enjoying this rest, which enables me to work and to gain refreshment at the same time.

CLXX.

it now.

TO J. C. PLATT, ESQ.

Fox How, January 20, 1839. I have often thought of you and the Courant during this new excitement of the operative population. Most gladly would I join in any feasible attempt to check this terrible evil, which men seem to regard as so hopeless that they would rather turn their eyes away from it, and not look at it till they must.

But that “ must” will come, I fear, but too soon; simply because they will not look at

I am inclined to think, that the Poor Law, though I quite believe it to be in itself just in its principle, has yet done more moral harm, by exasperating the minds of the poor, than it can possibly have done good. I am very far, however, from wishing to return to the old system; but I think that the Poor Law should be accompanied by an organized system of Church charity, and also by some acts designed in title, as well as in substance, for the relief of the poor, and that by other means than driving them into economy by terror. Economy itself is a virtue which appears to me to imply an existing previous competence; it can surely have no place in the most extreme poverty; and for those who have a competence to require it of those who have not, seems to me to be something very like mockery.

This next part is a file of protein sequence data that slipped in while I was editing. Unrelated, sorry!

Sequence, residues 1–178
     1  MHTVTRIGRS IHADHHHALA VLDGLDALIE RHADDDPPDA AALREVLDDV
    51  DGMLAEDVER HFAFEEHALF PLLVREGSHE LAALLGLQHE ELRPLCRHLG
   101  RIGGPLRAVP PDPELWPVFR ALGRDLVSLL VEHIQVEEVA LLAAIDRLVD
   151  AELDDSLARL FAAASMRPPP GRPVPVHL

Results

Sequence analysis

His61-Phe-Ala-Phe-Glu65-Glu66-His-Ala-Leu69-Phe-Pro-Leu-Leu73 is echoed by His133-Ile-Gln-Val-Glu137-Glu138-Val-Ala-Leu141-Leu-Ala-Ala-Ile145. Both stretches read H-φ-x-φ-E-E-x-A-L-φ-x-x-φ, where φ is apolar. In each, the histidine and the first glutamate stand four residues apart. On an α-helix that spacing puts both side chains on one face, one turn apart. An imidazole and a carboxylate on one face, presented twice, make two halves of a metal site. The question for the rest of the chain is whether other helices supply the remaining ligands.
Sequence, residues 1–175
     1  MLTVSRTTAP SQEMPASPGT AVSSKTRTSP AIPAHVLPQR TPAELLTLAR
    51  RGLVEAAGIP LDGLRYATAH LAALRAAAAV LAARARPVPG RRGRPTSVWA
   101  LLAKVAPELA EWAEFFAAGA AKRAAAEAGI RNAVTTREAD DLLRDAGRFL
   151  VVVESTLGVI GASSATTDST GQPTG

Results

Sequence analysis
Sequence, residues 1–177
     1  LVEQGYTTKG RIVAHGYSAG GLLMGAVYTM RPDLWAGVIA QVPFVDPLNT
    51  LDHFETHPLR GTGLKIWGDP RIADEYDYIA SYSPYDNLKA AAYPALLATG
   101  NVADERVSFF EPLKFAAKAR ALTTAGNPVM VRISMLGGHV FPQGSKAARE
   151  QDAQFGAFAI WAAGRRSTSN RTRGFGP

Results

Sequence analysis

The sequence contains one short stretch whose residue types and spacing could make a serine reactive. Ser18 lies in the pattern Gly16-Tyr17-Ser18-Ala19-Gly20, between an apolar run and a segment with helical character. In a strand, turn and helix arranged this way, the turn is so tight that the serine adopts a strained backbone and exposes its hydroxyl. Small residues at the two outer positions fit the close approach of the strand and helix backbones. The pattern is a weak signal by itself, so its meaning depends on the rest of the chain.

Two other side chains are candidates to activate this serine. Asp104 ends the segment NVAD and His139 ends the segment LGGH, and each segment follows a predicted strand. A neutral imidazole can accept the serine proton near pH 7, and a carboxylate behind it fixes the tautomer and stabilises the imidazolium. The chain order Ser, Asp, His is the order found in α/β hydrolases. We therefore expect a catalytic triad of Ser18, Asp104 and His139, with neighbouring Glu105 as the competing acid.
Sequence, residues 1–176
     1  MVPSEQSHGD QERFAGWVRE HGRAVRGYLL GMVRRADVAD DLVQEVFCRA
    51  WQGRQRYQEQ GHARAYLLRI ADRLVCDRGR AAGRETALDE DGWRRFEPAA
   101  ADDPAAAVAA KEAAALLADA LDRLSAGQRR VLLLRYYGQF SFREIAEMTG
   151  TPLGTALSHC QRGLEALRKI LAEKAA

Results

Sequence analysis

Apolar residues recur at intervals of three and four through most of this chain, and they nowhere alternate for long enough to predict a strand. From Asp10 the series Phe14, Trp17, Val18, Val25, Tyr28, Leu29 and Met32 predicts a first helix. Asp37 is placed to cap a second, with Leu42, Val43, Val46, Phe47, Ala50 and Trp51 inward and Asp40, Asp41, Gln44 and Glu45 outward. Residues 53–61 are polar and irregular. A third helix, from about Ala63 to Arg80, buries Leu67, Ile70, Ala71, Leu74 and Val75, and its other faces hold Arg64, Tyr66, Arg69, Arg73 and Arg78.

I shall be in London, I hope, on the 6th, and shall be staying at No. 1, Tavistock Square. If I can see you either there, or by calling on you in Ludgate Street, it will give me much pleasure.

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CLXXI.

TO REV. F. C. BLACKSTONE.

Rugby, February 25, 1839. ..I read and have got Gladstone's book, and quite agree with you in my admiration of its spirit through